ST. LOUIS — St. Louis Lambert International Airport officials are asking for public input to discuss future plans, including the possibility of eliminating Terminal 2.
The master plan discussion could mean all airlines would operate out of an updated Terminal 1, with dozens of gates.
“For the way aviation is being addressed for future travelers is really a unified terminal,” said airport director Rhonda Hamm-Niebruegge. “Being able to have one security checkpoint, one baggage system, larger concourses where you have more food and beverage opportunities for retail.”
A draft plan, unveiled in January, suggests eventually repurposing Terminal 2, which is near capacity and home to Southwest, Lambert's busiest airline with about 100 flights a day.
One option the airport's layout plan calls for is to move all traffic to an updated Terminal 1 with 62 gates. Funding for design and construction has not been announced.
The master plan itself is a requirement of the airport to continue to receive FAA funding, and it would take approximately 10 years to complete if approved. The plan requires public input.
Rose Wesolowski of Spanish Lake came to a Thursday night input meeting because she said she wants to see the airport return to its glory days.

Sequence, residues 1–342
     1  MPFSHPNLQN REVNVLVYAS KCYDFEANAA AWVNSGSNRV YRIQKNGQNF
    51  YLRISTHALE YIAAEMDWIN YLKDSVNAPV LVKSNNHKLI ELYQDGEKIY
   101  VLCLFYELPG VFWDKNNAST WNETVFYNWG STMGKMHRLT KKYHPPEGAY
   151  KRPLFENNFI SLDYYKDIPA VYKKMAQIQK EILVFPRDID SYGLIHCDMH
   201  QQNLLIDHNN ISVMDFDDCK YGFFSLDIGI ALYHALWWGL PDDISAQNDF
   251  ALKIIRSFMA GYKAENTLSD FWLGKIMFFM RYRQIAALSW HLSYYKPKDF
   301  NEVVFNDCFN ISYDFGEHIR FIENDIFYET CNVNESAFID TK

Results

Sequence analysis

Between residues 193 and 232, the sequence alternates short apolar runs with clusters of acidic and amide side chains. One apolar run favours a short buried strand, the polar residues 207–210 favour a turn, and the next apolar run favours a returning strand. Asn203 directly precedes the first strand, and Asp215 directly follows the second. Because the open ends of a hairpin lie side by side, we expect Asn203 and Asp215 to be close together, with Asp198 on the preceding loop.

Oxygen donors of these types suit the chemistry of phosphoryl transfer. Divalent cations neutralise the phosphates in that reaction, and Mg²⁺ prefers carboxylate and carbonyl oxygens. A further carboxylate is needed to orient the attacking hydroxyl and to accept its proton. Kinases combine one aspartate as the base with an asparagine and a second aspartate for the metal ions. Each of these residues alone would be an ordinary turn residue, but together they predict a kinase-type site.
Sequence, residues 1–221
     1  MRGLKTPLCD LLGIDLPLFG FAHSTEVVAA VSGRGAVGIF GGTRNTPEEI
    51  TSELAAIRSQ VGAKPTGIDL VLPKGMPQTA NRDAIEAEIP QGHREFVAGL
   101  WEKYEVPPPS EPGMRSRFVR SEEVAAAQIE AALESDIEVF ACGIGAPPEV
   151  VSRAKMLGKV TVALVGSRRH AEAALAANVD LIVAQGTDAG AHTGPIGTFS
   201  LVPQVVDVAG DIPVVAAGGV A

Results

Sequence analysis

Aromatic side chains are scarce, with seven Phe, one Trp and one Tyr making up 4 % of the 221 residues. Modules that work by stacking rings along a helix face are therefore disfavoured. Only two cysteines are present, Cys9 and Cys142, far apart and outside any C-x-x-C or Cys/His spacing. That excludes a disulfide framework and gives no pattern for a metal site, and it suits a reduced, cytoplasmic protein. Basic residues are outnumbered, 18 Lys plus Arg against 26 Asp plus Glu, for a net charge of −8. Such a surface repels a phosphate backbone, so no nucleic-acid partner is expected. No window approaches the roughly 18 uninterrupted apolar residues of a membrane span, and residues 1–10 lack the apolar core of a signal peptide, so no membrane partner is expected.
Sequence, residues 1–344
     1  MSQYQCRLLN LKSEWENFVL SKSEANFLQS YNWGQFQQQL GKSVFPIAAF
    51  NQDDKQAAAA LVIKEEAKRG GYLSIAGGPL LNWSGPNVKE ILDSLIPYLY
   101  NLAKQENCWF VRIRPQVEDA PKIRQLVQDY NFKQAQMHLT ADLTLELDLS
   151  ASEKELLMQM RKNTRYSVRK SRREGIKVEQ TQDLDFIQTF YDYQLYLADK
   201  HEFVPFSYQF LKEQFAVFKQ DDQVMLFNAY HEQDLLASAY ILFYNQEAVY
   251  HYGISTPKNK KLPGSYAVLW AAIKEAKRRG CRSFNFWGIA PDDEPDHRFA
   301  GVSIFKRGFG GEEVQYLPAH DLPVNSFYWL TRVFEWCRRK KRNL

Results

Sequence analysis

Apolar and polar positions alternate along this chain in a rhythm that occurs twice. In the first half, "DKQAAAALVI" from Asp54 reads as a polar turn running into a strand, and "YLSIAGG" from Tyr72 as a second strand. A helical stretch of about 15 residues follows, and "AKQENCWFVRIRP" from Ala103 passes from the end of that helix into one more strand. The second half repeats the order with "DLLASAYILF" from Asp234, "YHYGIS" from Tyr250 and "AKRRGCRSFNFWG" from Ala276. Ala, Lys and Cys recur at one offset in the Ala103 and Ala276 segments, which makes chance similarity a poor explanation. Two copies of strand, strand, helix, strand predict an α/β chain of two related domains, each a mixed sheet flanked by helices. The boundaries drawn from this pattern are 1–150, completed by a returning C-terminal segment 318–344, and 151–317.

“This is one of my favorite places to hang out,” smiled Wesolowsky. ”I love the airport. I really do.”
The airport’s master plan is a comprehensive study that usually looks at the short, medium, and long-term development plans to meet future aviation demand. The plan suggests the terminal is seeing a growth in passengers, aging facilities, inadequate concessions, and insufficient revenue opportunities, like parking.
“We're coming out of the pandemic really strong,” said Hamm-Niebruegge. “We anticipate this year being somewhere between 85 and 90 percent of our 2019 number. And next year, we think we'll exceed that.”
Hamm-Niebruegge told a crowd Thursday that not only are travelers jetting off to places, cargo flights, including the transport of live animals, are also increasing and driving move revenue to the area.
Many residents said they can agree with improving the airport, they just want to be a part of the process.
“I'm in North County and we want to make sure everyone has the adequate information,” said Frederick Johnson. “We need to make sure everyone is included in the plan, make sure we are a top-notch airport.”
The plan might also suggest relocating a portion of I-70 as of right now, as key issues were identified in the report regarding traffic – insufficient decision distance from the highway, signage overload, and an inadequate number of arrival curb lanes to name a few.
Still, airport officials say these are only plans, and reiterated at the meeting that these are not set in stone. The plan itself took two years to create and could take 10 years to see to complete, once approved.
The plan would also not require city or local tax dollars. It would be paid with things like FAA grants, airport bonds, and existing user fees.
To give your input, you can visit flystl.com.